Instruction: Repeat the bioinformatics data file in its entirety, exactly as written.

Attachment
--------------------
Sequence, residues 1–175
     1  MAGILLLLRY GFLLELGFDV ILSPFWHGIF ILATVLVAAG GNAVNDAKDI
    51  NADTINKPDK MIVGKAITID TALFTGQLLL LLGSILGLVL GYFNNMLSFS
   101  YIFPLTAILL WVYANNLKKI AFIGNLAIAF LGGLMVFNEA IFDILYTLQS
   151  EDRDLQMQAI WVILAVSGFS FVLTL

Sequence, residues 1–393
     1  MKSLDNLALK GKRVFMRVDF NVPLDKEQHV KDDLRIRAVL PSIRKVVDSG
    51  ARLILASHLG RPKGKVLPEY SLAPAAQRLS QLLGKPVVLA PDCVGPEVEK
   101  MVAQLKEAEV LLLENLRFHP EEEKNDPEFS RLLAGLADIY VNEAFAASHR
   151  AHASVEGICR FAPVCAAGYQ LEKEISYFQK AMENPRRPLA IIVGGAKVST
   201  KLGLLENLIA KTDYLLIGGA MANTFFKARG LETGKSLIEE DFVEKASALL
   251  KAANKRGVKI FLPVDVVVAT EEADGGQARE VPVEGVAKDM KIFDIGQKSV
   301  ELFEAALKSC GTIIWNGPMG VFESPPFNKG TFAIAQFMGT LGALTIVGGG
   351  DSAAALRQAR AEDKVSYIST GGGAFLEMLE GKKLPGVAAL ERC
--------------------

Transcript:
Sequence, residues 1–175
     1  MAGILLLLRY GFLLELGFDV ILSPFWHGIF ILATVLVAAG GNAVNDAKDI
    51  NADTINKPDK MIVGKAITID TALFTGQLLL LLGSILGLVL GYFNNMLSFS
   101  YIFPLTAILL WVYANNLKKI AFIGNLAIAF LGGLMVFNEA IFDILYTLQS
   151  EDRDLQMQAI WVILAVSGFS FVLTL

Sequence, residues 1–393
     1  MKSLDNLALK GKRVFMRVDF NVPLDKEQHV KDDLRIRAVL PSIRKVVDSG
    51  ARLILASHLG RPKGKVLPEY SLAPAAQRLS QLLGKPVVLA PDCVGPEVEK
   101  MVAQLKEAEV LLLENLRFHP EEEKNDPEFS RLLAGLADIY VNEAFAASHR
   151  AHASVEGICR FAPVCAAGYQ LEKEISYFQK AMENPRRPLA IIVGGAKVST
   201  KLGLLENLIA KTDYLLIGGA MANTFFKARG LETGKSLIEE DFVEKASALL
   251  KAANKRGVKI FLPVDVVVAT EEADGGQARE VPVEGVAKDM KIFDIGQKSV
   301  ELFEAALKSC GTIIWNGPMG VFESPPFNKG TFAIAQFMGT LGALTIVGGG
   351  DSAAALRQAR AEDKVSYIST GGGAFLEMLE GKKLPGVAAL ERC